From a TCM view, atopic eczema and asthma involve the connection between the Lungs and the skin. These two symptoms are very clearly related and often one will appear as the other improves. Often eczema appears first at a very early age or even from birth, later to be followed by asthma when the child is about 4 or 5 years old. This pattern is more likely to occur if the eczema is suppressed with the application of cortisone cream. The reverse may also occur when asthma appears first and then apparently improves only to be followed by eczema as seen here (Maciocia 1994, p129).

The onset of asthma at the age of 3 points towards a constitutional Lung Qi deficiency. The Lung Qi deficiency along with a Spleen Qi deficiency would of lead to a deficiency of Wei Qi as the Spleen produces Wei Qi and the Lung controls Wei Qi (Maciocia 1989, p45). This would of-allowed the subsequent invasion of an exogenous pathogen, Wind-Heat. The eczema was therefore originally Wind-Heat type up until the age of 14 and was located at the antecubital fossa, the upper part of the body. The asthma ceased when the patient was 18 as he matured and 'grew out' of the asthmatic condition. From the age of 28, the eczema changed into Damp-Heat type and sank downwards into the lower jiao, which would of caused the eczema to migrate from the antecubital fossa to the popliteal fossa. In addition, the eczema can pass easily from the greater Yin meridian of the Lung which is Taiyin to the greater Yang meridian of the Urinary bladder which is Taiyang respectively.

The Wind-Heat in the Lung at the age of 4 impaired the Lung Qi leading to a deficiency. As no herbal medication was given, the Heat then entered deeper into the interior of the body, indicated by the patient's constant thirst. The Lung is unable to distribute fluid normally and regulate the water metabolism in the upper burner causing the retention of water and the formation of damp. The damp would have lead to the Spleen and Stomach's transportive and transformative mechanism being impaired as increased strain is put on the middle burner to regulate the body's water metabolism resulting in the accumulation of more damp. Now, the patient's thirst indicates Heat whilst the greasy tongue coating and teeth marks indicate Damp-Heat and a Spleen Qi deficiency. The excessive eating especially at irregular times would further exuberate the Spleen Qi deficiency and the feeling of tiredness and fatigue.

The reoccurrence of colds and aversion to drafts also indicates a Wei Qi deficiency. Within the Five element theory, the Spleen is Earth and generates the Lung which is Metal (figure 1). As the Spleen, the Sea of Qi and Blood, becomes impaired by damp, caused by overeating and excessive pensiveness, it cannot generate Qi and Blood for the Lung and Wei Qi, allowing the invasion of exogenous pathogens and Wei Qi's inability to defend the skin, causing the aversion to drafts.

When dampness lingers in the interior, stagnation and turbidity ensue. Damp turbidity severely interferes with the transporting function of the Spleen, producing symptoms of epigastric and abdominal distention, fullness and fatigue, which are seen in this patient. The itching is caused by the Damp-Heat being trapped beneath the skin and is also responsible for the raised white bumps. Damp-Heat accumulates in the skin so that the Blood circulation is hindered and Ying and Wei are disrupted. The sticky stools with the fetid odour and the burning sensation when defecating and the dark scanty urine, indicates that the Damp-Heat is sinking into the lower Jiao. These symptoms require the use of aromatic herbs that cut through the turbidity and revive the Spleen.

The relationship between the Lungs and skin is well known and yet, when discussing the pathology of skin diseases, Chinese books always seem to stress more the role of Blood (and Liver) in connection with the skin. The irritability and anger caused by the itching and lack of sleep leads to stagnation of the Liver Qi as indicated by the poor Blood circulation. This further weakens the Spleen as the stagnated Liver Qi invades the Spleen (figure 2).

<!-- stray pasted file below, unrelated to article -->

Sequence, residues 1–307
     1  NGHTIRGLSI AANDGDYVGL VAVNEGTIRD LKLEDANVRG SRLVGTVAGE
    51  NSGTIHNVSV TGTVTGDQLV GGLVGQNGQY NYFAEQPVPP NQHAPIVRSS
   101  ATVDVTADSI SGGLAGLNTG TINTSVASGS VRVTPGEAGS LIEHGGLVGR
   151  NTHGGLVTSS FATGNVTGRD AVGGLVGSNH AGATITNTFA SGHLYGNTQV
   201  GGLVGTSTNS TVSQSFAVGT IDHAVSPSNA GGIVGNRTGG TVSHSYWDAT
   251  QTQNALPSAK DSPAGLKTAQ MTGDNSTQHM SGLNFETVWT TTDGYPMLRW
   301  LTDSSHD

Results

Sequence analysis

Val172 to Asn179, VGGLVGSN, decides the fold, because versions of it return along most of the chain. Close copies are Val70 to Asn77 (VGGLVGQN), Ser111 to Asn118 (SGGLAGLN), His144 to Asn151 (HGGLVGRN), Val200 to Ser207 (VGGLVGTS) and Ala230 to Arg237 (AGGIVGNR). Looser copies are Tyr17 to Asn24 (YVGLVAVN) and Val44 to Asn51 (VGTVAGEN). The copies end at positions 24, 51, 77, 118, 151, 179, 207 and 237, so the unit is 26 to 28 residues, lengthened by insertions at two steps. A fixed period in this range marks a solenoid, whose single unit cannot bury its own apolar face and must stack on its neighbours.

The choice of Chu Shi Wei Ling Tang with Er Miao Tang plus Ku Shen and Bai Xian Pi is primarily used to clear heat and dry dampness in the lower burner, regulate Qi, and harmonise the middle burner (Bensky and Barolet 1990, p183). However, this formula is modified to include other herbs to relieve the itching. Cang Zhu dries the dampness in the lower Jiao. Hou Po and Chen Pi both regulate Qi and transform dampness. Zhu Ling and Ze Xie leech out dampness and promote urination. Chi Fu Ling clears damp-heat, whilst Chao Bai Zhu dries dampness. Hua Shi expels damp-heat through urination and Fang Feng expels wind-damp. Zhi Zi clears heat, drains damp-heat and eliminates irritability. Rou Gui leads fire back to the source and encourages the generation of Blood. Gan Cao acts to protect the middle Jiao and harmonise the formula. Deng Xin Cao clears heat from the Heart channel and promotes urination. Huang Bai treats the damp-heat in the lower Jiao, whilst Ku Shen clears heat, dries dampness and relieves itching. Bai Xian Pi also clears heat, eliminates dampness and relieves itching.

Shi Zhen San is used topically to clear the damp-heat. Huang Qin clears damp-heat, whilst Duan Shi Gao clears heat. Han Shui Shi drains fire and Wu Bei Zi relieves fire toxicity and absorbs moisture (Bensky and Gamble 1986, p376).

The root of this disorder is deficient Qi which predisposes the person to the development of damp-heat. Once the damp-heat has been cleared, the second treatment principle can be employed to tonify the Lung Qi, firstly by strengthening the Lung Qi and Wei Qi with Bu Fei Tang, which augments the Qi and stabilises the exterior (Bensky and Barolet 1990, p246). Once the Lung Qi is strong and able to nourish the Wei Qi and stop the reoccurring colds, then Spleen should be tonified in order to maintain a constant supply of Qi and Blood for all the Zangfu organs.


  • Bensky, D. & Gamble, A. (1986). Materia Medica. Seattle: Eastland Press, Inc.
  • Bensky, D. & Barolet, R. (1990). Formulas & Strategies. Seattle: Eastland Press, Inc.
  • Maciocia, G. (1989). The Foundations of Chinese Medicine. Edinburgh: Churchill Livingstone.
  • Maciocia, G. (1994). The Practice of Chinese Medicine. Edinburgh: Churchill Livingstone.
  • Shen, D., Wu, X. & Wang, N. (1995). Manual of Dermatology in Chinese Medicine. Seattle: Eastland Press, Inc.
  • Zhang, T. & Flaws, B. (1993). A Handbook of Traditional Chinese Dermatology. Boulder: Blue Poppy Press.

Join the PulseMed mailing list
About The PULSE
All information herein provided is for educational use only and not meant to substitute for the advice of appropriate local experts and authorities.

Copyright 1999-2074, Pulse Media International, Brian Carter, MSci, LAc, Editor